Farage’s force is no longer “some other party”
Last year the newbie pollster which is now picking up an awful lot of business, Survation, caused controversy in the industry by including UKIP in its main voting intention prompt.
The result was that Survation began showing shares for UKIP which were considerably larger than many other firms.
The practice for online pollsters had been to list CON, LAB, and LD on the first screen of the voting intention questioning with an option to tick “Some other party” for those not wanting to choose the main three. In Scotland and Wales all the firms add SNP or PC.
The impact of the Survation move was quite marked – higher UKIP shares and lower ones for the “main three” particularly the Tories.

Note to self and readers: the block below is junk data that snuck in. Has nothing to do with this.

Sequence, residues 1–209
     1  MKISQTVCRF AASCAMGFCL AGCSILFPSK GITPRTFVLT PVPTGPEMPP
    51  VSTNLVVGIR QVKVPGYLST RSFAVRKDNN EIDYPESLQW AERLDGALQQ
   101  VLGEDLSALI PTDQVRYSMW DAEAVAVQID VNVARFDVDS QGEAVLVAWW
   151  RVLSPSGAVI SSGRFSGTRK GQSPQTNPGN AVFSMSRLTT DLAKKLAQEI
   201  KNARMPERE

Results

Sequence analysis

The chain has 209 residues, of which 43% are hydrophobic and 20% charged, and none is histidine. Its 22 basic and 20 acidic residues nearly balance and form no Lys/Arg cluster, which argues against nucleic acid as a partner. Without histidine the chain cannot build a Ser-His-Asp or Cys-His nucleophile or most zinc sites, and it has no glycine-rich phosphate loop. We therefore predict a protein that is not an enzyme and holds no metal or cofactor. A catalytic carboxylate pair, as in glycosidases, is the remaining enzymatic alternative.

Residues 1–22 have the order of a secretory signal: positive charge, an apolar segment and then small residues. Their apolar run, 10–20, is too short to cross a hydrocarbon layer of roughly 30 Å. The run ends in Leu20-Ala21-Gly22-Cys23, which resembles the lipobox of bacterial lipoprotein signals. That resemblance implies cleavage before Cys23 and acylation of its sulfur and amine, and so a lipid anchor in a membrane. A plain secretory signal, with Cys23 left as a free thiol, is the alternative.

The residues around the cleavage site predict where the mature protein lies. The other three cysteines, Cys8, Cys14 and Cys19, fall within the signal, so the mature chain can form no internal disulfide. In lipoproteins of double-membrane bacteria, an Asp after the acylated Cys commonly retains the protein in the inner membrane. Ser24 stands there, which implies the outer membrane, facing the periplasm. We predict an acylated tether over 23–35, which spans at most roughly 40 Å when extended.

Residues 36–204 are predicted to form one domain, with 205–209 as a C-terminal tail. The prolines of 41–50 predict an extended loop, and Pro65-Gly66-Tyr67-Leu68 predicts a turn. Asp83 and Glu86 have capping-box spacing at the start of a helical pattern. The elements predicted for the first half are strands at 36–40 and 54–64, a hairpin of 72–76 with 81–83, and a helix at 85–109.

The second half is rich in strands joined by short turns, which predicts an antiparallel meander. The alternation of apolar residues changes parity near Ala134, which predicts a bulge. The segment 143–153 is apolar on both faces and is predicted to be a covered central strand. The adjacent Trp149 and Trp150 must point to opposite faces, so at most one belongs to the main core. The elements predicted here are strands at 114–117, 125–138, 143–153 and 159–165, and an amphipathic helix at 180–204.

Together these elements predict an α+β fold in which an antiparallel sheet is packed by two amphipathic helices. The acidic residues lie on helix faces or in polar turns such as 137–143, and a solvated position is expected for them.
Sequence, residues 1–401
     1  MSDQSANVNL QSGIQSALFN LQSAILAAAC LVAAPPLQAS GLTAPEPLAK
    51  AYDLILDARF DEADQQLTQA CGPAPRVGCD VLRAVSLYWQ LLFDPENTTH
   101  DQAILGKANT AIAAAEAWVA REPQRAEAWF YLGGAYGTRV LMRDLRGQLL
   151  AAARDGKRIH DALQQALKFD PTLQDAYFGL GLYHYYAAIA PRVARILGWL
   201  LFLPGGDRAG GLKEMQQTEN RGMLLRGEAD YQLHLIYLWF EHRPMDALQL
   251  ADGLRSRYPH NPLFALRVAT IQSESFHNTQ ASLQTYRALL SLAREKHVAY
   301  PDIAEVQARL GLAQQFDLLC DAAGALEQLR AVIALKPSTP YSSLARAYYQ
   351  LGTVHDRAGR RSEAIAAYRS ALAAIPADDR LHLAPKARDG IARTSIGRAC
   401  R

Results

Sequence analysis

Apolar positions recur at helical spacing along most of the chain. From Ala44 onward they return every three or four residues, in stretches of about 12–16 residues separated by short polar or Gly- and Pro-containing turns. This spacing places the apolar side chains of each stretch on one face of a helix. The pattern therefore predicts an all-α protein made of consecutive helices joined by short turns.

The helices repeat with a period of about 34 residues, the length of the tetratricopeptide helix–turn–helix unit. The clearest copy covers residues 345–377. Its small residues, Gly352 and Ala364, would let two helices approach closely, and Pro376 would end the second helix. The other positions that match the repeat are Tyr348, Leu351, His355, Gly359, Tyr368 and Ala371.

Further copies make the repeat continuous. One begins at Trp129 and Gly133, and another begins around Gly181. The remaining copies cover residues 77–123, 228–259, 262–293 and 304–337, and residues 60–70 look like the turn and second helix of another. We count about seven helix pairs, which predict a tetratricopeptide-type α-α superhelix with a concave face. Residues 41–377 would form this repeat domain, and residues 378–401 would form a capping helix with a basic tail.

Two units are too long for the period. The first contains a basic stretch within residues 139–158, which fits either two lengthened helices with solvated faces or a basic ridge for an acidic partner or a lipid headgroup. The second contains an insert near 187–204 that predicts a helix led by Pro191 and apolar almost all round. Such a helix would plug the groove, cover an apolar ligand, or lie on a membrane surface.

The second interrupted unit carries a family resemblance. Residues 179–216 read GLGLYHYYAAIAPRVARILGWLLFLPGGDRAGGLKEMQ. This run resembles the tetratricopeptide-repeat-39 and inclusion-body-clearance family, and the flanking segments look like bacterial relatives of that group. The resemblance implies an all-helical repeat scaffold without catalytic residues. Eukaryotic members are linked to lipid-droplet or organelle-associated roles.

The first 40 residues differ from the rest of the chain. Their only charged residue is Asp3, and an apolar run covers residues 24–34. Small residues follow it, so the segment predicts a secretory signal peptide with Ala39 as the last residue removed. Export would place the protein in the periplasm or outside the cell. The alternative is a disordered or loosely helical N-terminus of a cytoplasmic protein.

Since then, of course, party politics in the UK has been transformed by the rise of UKIP and there’s been a lot of analysis about the emergence of four party politics.
- Yet most of the industry still treats UKIP in the old way which might be giving us a false picture – understating the party and overstating the others
We know that the UK’s most prolific political pollster, YouGov, has been testing has been testing different forms of prompting but so far, at least, is continuing in the old way.
YouGov also tends to show smaller UKIP shares because it does not take into account likelihood to vote thus understating the impact of the oldies who are much more likely to turnout at elections.
Yesterday the man who is probably the biggest private funder of UK political polling, Lord Ashcroft, accepted a point I’d been making about the presentation of his poll detail in relation to UKIP.
— Lord Ashcroft (@LordAshcroft) June 10, 2013
Maybe Lord Ashcroft could go one step further and change his prompts.
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